There's an inherent conflict of interest in auditing and consulting services.
In general, there's a sentiment that eventually the Big Four firms may split their audit and consulting businesses. There's an inherent conflict of interest in offering audit and consulting services to the same clients. The company getting audited pays auditor fees and when the auditor is doing consulting work for the same company, it might make it even harder to displease top executives.
The SEC is currently investigating potential conflicts of interest at the big accountancies. It has also warned against skirting regulations relating to the concurrent provision of audit and consulting.
Spinning off the Big Four is very difficult and lengthy process.
The spin-off of any of these firms, however, won't be easy. Ernst & Young, for example, expects it will take at least 18 months or so to complete any spin-off of its consulting arm. The firm will need to put a formal proposal (it intends to do so by mid-to-late summer) to its 12,000 partners, who need to vote and approve the spin-off.
However, the spin-off of the revenue cow consulting business could face stiff resistance from audit partners. Now, either Ernst & Young could go for a public offering or a private sale. But given the size and scale of its business (total revenue of nearly $40 billion for its latest financial year), private equity might be reluctant to buy it.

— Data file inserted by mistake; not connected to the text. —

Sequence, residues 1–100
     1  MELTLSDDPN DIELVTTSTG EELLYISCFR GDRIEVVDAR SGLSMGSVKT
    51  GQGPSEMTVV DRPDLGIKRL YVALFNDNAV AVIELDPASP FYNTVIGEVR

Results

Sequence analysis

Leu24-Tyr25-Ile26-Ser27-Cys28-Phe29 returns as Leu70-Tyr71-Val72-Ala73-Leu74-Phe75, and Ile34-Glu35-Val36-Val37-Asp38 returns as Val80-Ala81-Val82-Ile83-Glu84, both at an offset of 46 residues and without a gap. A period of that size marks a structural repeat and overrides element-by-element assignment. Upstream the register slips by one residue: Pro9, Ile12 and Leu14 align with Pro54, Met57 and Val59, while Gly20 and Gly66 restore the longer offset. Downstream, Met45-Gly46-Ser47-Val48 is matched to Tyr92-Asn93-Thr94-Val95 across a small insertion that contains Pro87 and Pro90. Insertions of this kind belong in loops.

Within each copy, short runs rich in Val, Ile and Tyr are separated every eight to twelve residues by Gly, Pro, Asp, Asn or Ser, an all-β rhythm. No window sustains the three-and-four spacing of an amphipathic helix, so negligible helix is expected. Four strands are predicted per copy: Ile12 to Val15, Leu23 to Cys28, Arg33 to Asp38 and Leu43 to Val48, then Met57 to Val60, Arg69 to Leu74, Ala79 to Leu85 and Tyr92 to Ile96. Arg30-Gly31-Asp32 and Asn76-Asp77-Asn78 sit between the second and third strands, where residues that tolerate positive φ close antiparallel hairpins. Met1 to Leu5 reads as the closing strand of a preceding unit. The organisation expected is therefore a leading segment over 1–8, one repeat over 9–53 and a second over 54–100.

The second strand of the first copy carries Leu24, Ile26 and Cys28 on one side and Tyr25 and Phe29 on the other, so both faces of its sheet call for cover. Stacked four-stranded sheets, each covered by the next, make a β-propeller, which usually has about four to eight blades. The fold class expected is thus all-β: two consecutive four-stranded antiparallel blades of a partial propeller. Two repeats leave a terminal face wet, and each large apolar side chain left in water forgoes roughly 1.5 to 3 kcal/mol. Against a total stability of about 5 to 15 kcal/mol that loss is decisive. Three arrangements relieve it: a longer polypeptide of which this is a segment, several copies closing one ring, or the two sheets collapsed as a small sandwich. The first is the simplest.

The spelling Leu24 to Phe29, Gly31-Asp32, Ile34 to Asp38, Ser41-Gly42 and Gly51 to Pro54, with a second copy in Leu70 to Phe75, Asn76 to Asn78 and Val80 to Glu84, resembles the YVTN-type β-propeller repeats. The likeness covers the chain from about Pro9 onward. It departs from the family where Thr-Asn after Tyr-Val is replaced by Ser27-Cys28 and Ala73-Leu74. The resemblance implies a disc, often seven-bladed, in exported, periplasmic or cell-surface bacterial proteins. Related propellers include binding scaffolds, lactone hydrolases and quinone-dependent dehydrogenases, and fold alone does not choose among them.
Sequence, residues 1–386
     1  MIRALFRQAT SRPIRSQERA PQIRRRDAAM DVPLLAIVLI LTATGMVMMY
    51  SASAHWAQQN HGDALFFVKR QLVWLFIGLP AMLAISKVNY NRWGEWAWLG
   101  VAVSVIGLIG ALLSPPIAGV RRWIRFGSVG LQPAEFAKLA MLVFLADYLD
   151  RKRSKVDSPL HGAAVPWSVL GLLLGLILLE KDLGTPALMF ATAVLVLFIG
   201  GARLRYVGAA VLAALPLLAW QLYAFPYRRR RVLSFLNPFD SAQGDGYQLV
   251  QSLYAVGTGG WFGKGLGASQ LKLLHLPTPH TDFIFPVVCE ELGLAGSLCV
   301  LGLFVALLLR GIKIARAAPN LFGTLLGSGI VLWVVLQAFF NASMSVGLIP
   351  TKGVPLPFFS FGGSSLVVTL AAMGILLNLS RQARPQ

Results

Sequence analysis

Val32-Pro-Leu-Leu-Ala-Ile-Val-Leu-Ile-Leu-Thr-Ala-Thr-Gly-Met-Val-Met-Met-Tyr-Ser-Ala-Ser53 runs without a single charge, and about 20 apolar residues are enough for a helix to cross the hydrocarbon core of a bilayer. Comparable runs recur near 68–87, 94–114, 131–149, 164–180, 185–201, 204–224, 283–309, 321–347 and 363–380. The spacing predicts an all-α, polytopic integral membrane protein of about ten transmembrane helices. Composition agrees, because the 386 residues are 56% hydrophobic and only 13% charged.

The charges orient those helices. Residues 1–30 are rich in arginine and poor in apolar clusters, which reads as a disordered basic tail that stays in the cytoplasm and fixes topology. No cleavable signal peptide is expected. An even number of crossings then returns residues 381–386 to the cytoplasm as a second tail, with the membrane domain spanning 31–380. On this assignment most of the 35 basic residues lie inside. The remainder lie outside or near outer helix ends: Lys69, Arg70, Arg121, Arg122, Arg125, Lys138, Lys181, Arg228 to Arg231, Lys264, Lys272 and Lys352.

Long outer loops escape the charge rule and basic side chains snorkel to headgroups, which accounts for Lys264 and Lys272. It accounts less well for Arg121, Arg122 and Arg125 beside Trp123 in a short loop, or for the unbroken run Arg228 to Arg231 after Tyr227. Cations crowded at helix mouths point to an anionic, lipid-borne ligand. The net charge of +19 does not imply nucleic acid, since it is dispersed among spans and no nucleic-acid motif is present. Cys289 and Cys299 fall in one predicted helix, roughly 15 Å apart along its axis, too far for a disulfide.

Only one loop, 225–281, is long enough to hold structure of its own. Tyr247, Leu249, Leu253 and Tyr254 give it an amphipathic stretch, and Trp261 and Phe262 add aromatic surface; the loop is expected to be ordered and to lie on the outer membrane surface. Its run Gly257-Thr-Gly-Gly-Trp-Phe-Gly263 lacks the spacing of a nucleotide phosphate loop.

For Deloitte, a spin-off could be an uphill battle too.
For Deloitte, it might be even more difficult given its still larger scale. The privately-held company had close to $50.2 billion in revenues for the financial year ending May 2021, including $10.5 billion in the audit and assurance business.
Deloitte is denying reports of split-up, for now
The WSJ also maintained that Deloitte’s talks are still at a very early stage. Deloitte spokesperson, however, denied reports that the firm was exploring a plan to split adding, “We remain committed to our current business model.” Reuters further elaborated on the denial and mentioned that Deloitte said these reports were “categorically untrue.”
Deloitte might still be exploring its options and it isn't uncommon for firms not to comment on specific matters until there's more certainty and clarity. We might have to wait to find out what exactly happens with Deloitte.
Reuters reached out to the remaining Big Four. KPMG refused to comment on its business plans, while PricewaterhouseCoopers seems committed to its strategy of increasing investment to support audit quality while staying the course on its business model.